Bon Jovi shows why it’s become a rock and roll institution




There are some rockers who shift from being the latest sales chart idols- sometimes dismissed by the critics— to becoming American rock and roll institutions that are revered as icons.

Aerosmith and Kiss are two examples of these “institutions” that still had/have vital careers decades after they arrived on the scene and influence the latest generations of rockers.

Of the many acts that arose in the ‘80s, Bon Jovi is one of the few acts to survive and now can be called a “rock and roll institution.” Despite their initial association with the flock of hair metal bands in the mid to late 1980s, Bon Jovi now are a genre unto themselves.


On Saturday, May 5— on the very evening their Rock and Roll Hall of Fame induction was cablecast on HBO— Bon Jovi supremely demonstrated at a sold-out Mohegan Sun Arena why they are one of America’s best rock and roll bands.

Sometimes a band of Bon Jovi’s longevity will dutifully shift into lucky oldies act mode. They will milk their few hits and mine nostalgia rather than art.

At the Sun, Bon Jovi proved they still possess a vibrant voice in rock roll and they still have confidence in the present and future and don’t need to rely alone on the crutch of the past.

Bon Jovi’s confidence in who are today was evidenced by the opening track in their two hours plus set—- “This House Is Not For Sale” from the recent album of the same name.

Rather than go the easy route of playing a beloved classic track to grab the audience’s attention, “This House…” proclaimed that Bon Jovi still wants to and still does matter.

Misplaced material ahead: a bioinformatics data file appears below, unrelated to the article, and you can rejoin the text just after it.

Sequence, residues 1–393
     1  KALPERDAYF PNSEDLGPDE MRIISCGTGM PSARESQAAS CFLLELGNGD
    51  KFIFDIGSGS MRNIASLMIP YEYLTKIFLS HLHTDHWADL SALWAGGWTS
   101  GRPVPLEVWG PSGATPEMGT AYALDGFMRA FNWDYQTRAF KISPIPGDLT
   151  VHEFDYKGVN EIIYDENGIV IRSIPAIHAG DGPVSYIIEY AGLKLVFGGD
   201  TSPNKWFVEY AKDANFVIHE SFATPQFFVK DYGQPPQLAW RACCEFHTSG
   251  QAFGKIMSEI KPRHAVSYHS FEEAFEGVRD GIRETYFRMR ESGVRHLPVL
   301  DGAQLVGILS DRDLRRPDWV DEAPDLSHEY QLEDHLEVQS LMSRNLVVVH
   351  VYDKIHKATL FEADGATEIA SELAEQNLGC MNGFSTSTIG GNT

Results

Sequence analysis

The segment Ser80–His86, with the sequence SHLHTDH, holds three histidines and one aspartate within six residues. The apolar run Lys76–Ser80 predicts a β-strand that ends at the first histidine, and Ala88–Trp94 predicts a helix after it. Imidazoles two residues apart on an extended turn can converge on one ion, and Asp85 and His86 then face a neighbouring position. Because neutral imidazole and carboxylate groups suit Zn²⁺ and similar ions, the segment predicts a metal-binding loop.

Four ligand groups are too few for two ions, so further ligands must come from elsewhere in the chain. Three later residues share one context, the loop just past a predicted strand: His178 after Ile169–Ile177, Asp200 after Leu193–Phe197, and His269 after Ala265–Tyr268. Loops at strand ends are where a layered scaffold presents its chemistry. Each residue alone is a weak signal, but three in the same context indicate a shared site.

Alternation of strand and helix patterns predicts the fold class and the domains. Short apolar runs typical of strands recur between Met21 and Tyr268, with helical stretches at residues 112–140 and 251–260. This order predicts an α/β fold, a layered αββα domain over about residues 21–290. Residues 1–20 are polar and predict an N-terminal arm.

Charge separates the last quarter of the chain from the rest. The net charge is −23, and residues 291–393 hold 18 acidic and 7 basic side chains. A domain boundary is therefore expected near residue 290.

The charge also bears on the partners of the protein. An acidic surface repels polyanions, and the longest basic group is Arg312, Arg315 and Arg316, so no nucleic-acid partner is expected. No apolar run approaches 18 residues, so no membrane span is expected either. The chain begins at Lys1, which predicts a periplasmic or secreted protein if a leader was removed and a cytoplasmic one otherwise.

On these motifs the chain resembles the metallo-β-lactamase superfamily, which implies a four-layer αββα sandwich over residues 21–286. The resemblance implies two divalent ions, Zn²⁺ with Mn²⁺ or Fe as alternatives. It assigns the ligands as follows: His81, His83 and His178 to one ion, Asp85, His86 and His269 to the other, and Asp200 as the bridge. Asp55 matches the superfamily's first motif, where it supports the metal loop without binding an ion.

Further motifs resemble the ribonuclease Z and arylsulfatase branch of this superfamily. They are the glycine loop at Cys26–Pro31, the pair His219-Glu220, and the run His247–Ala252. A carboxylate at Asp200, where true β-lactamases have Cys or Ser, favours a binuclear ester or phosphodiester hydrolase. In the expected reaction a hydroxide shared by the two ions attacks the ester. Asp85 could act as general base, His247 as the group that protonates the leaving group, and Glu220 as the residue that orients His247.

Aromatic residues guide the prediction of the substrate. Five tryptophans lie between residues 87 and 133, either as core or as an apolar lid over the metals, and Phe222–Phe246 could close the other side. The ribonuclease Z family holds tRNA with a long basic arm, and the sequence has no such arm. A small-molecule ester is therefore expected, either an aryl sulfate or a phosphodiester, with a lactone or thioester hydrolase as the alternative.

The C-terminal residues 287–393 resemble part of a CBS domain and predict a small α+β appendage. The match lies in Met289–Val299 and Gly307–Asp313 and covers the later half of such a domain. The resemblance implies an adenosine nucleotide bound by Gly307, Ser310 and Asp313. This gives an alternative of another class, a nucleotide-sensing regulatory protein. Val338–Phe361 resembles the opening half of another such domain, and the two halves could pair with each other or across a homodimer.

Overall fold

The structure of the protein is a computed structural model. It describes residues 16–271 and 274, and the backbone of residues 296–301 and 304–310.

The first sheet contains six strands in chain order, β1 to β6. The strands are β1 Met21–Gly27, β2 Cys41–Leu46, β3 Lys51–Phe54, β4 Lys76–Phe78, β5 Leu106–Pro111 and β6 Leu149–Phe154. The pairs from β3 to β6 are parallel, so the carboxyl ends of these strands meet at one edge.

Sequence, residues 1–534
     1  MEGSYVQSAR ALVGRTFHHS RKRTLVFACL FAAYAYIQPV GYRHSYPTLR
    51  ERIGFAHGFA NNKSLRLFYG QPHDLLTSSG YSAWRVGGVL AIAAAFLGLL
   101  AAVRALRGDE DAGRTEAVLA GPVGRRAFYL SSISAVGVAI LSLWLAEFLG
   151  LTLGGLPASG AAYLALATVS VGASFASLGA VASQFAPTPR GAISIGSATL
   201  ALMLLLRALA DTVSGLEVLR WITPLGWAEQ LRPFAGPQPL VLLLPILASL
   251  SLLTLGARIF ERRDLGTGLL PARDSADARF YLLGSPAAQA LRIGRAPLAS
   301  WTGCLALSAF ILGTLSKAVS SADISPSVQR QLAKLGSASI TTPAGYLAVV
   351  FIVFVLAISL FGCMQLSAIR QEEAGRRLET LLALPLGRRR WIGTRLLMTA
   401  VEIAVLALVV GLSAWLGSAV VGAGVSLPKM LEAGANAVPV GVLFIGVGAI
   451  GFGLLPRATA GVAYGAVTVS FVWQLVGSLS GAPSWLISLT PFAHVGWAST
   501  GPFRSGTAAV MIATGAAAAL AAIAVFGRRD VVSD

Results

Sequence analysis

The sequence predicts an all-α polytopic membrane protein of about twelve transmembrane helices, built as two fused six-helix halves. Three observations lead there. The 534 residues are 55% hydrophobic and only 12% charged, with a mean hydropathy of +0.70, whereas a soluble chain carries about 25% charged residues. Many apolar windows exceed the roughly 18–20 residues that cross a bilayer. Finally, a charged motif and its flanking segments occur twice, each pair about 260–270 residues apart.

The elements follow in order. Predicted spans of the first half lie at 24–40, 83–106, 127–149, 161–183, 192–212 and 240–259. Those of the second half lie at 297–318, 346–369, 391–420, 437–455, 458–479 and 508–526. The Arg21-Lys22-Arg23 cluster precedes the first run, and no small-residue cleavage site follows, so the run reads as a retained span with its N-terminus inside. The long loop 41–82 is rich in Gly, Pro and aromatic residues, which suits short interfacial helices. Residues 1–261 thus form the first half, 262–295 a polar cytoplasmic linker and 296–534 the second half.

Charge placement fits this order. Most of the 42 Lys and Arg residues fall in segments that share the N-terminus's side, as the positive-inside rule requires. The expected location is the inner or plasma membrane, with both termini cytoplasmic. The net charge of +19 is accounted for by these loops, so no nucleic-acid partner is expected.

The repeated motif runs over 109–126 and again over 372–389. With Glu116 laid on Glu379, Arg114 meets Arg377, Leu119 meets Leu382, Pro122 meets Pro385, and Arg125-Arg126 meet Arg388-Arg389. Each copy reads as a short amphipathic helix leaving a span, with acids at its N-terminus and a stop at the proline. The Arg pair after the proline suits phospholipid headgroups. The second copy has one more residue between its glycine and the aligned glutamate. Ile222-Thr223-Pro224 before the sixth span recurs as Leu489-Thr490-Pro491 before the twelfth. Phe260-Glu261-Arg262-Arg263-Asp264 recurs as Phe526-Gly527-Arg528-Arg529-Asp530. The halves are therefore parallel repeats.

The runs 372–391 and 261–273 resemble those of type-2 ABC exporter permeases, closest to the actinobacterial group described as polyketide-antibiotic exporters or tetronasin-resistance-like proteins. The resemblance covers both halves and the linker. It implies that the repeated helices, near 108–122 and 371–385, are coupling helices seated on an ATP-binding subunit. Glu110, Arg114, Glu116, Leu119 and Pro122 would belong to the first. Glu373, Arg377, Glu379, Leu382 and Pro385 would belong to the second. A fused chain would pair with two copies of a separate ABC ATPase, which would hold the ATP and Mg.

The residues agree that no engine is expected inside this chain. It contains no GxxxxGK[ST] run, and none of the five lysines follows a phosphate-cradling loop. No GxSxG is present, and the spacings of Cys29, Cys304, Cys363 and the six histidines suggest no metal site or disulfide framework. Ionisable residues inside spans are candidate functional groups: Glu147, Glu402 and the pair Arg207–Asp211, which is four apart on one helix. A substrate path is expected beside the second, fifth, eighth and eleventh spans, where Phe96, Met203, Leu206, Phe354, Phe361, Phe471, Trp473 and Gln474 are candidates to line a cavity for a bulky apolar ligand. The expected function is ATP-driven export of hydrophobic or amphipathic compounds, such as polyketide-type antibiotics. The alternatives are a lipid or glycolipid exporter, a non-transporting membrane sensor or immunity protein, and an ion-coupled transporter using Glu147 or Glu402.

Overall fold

The track also demonstrated, with its touch of Americana and a nod to country music—that Bon Jovi has successfully transitioned from hair band to something more organic and genuine. “God Bless This Mess,” another track from “This House…” also illustrated this more mature and confident Bon Jovi.

Now, before you get the wrong idea, Bon Jovi didn’t disappoint their fans—who are clearly near and dear to their hearts— by sacrificing the past to promote today. Their big hits were all there— “Living on a Prayer,” “Bad Medicine,” “Wanted Dead or Alive” and more. And the musical favorite sons got audience members dancing, singing, and pumping their fists.

A highlight of the evening was “Bed of Roses” from their first foray beyond “hair band” territory, “Keeping the Faith.” For this track, singer Jon Bon Jovi waded into the audience and performed on a tiny stage an arm’s length from fans. The proximity to the fans was a fun touch. More importantly, Jon Bon Jovi filled the song with passion that could only be gained from a life well lived and well loved.

The overall song selection of the evening harkens back to my initial observation that Bon Jovi has long passed from flavor of the month to rock and roll institution. Their set list was more about building a mood and a musical story through their art rather than simply biding time between the hits.

Rock and roll careers begin with a single. Institutions grow with the determination to move forward.

Bon Jovi has moved forward and subsequently has endured.

Opening for Bon Jovi was Connecticut’s own—and “American Idol” winner—Nick Fradiani.

Fradiani, like Bon Jovi, carries a great deal of passion into his music. Like Bon Jovi, circa 2018, Fradiani mines Americana and acoustic sources for his music. Although he arrived on the scene by winning “American Idol,” manufacturing slick pop top 40 songs seems far from his priority. His music was about the art of strong songwriting and captivating performances.

I give Bon Jovi at the Mohegan Sun Arena on May 5 four out of four stars.